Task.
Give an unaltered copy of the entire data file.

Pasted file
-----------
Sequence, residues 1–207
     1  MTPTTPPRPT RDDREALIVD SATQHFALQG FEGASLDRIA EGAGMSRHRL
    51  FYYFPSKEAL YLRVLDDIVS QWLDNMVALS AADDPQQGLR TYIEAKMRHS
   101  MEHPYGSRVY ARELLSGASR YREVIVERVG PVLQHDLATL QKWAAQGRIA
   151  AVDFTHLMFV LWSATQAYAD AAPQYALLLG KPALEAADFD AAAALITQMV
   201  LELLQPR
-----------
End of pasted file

Sequence, residues 1–207
     1  MTPTTPPRPT RDDREALIVD SATQHFALQG FEGASLDRIA EGAGMSRHRL
    51  FYYFPSKEAL YLRVLDDIVS QWLDNMVALS AADDPQQGLR TYIEAKMRHS
   101  MEHPYGSRVY ARELLSGASR YREVIVERVG PVLQHDLATL QKWAAQGRIA
   151  AVDFTHLMFV LWSATQAYAD AAPQYALLLG KPALEAADFD AAAALITQMV
   201  LELLQPR